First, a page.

Raspberries are easy to grow, highly productive and quite delicious. They come in two varieties: spring bearing and ever bearing. The spring bearing varieties are perfect for fresh eating and for food preserving/canning, as the fruit ripens all at once within a short period of time. The ever bearing varieties are wonderful eaten fresh throughout summer and into fall.
The most important need for raspberries is good drainage. If possible, avoid planting them in low, soggy areas. Planting in a raised bed, at least 12 inches hig,h will help prevent root rot and other root diseases. Avoid planting canes in beds that have had potatoes, eggplant or tomatoes grown in them for the last 3 to 4 to avoid viral problems
For best berry production, raspberries need a location in full sun with soil rich in organic material, such as compost and composted manures. The ideal pH is 5.6-6.2. If the soil is too acidic, add lime. It’s critical for transplant success to keep the roots moist until it’s time to plant them. Upon planting, prune canes to approximately 6 inches from the crown. Plant canes 24 to 36 inches apart and cover the roots with 2 inches of soil. Be very careful not to bury them too deeply. Fertilize Raspberries with a balanced fertilizer such as Down To Earth Acid Mix, two times per year: once in March, and again in May. Most varieties will need support. A simple T-post design works very effectively.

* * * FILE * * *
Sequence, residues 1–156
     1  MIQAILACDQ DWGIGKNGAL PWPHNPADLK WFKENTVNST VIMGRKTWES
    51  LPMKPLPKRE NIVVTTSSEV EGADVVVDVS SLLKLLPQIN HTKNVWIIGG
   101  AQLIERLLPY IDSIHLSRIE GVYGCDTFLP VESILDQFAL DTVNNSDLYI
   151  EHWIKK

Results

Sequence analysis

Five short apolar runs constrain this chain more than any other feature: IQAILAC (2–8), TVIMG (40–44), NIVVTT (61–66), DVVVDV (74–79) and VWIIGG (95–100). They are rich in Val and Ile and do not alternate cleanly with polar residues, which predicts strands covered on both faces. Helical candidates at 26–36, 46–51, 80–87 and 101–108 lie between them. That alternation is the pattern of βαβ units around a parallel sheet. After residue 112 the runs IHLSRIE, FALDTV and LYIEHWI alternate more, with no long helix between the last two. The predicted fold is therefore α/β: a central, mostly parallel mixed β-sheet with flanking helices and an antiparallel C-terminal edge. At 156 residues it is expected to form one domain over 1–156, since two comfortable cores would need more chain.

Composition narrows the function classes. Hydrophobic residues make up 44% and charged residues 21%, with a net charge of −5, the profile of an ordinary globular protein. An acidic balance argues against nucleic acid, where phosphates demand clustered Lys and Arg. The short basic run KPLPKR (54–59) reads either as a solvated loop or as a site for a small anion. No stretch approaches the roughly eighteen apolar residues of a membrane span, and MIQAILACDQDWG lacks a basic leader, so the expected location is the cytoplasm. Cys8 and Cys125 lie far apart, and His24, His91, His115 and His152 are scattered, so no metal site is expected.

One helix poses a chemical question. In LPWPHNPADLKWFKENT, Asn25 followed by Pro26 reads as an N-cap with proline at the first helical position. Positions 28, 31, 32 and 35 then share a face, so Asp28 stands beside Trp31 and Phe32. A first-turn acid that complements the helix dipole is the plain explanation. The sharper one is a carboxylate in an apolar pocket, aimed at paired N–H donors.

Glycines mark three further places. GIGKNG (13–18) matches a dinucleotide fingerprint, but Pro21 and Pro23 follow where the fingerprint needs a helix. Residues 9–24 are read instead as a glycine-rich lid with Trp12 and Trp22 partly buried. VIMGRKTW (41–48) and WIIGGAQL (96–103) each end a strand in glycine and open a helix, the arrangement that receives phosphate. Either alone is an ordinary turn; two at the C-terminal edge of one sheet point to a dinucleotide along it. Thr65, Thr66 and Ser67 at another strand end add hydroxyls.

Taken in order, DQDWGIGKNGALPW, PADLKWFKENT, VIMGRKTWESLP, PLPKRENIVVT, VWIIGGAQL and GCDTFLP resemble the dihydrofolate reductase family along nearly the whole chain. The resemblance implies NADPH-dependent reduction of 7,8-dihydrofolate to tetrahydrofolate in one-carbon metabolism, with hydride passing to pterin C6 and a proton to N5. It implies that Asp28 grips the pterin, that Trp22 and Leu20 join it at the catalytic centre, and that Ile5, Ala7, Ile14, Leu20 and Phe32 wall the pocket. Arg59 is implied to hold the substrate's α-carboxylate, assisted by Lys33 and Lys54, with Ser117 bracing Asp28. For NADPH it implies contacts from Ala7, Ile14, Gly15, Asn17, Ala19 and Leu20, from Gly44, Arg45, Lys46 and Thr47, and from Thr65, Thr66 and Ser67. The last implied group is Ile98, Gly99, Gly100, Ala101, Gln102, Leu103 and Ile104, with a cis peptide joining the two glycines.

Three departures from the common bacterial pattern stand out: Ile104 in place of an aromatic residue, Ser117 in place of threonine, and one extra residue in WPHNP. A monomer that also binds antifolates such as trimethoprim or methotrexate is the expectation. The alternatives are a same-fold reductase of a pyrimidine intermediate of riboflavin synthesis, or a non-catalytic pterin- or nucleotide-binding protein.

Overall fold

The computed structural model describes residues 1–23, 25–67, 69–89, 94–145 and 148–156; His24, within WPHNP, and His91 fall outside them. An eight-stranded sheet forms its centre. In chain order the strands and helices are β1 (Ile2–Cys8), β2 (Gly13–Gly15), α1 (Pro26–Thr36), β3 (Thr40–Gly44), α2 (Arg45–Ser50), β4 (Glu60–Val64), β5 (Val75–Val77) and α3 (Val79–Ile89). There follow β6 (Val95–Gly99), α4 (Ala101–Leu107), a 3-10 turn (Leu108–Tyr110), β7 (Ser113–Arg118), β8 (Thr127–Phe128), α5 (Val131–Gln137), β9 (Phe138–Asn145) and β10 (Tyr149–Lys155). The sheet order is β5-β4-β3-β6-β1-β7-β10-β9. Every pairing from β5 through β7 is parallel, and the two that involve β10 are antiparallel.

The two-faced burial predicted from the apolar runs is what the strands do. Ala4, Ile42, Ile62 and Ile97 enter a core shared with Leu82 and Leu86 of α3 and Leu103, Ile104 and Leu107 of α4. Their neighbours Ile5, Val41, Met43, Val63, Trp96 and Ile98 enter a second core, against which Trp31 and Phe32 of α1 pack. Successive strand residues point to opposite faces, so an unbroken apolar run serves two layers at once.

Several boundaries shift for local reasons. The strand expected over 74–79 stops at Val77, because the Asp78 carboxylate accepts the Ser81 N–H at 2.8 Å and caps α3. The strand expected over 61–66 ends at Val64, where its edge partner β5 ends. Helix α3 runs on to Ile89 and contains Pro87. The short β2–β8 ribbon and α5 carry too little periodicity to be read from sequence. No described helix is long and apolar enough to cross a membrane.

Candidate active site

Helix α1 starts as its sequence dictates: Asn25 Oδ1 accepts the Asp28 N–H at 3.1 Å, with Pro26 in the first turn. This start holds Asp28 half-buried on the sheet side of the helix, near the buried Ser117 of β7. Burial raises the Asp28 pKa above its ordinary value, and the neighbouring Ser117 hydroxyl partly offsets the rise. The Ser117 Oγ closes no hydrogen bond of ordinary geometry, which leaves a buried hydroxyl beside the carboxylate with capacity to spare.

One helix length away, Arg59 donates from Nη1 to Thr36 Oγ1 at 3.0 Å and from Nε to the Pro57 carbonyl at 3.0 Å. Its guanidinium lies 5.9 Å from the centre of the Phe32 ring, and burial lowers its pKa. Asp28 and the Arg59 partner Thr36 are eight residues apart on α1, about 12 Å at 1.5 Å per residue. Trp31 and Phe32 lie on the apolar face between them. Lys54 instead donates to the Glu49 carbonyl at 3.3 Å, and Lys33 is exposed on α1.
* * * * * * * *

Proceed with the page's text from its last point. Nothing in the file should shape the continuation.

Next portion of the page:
Pruning is an important part of a successful Raspberry crop. For spring-bearing raspberries, when fruiting has finished, the fruited canes are cut out at the base, and the new season’s canes are tied in, keeping only the strongest, young canes. In late winter, tip pruning is advised to clean up any cold-damaged growth.
For ever-bearing raspberries, new canes grow and bear fruit their first crop. An annual cycle is maintained by pruning all canes to ground level each winter. Do not tip prune ever-bearing varieties because much of the fruit is borne at the top of the canes.